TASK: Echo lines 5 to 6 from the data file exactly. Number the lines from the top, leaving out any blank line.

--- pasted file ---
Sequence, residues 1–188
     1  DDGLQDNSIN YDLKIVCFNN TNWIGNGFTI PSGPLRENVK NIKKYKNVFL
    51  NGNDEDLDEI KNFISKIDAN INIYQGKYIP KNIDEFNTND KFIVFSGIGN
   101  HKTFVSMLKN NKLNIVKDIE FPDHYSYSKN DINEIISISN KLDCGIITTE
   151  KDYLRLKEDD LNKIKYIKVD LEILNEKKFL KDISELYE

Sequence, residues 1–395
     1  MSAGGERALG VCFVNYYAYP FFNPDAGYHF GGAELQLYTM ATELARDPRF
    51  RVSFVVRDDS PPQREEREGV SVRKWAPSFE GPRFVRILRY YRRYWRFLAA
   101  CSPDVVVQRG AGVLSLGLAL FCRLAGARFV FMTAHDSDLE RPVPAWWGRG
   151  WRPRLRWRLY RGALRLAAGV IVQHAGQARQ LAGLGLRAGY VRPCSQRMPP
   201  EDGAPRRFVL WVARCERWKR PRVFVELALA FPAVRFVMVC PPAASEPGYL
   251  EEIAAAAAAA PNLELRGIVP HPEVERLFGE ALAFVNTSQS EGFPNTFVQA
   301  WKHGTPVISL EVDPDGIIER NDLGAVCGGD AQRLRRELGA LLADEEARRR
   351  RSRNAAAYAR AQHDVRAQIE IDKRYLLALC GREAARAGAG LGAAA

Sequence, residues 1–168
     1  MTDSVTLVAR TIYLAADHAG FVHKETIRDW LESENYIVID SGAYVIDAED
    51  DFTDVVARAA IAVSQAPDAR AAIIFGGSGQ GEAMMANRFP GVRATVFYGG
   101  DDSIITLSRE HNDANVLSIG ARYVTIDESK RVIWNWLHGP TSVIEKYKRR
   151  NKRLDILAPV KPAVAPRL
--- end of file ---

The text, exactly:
   151  KDYLRLKEDD LNKIKYIKVD LEILNEKKFL KDISELYE

Sequence, residues 1–395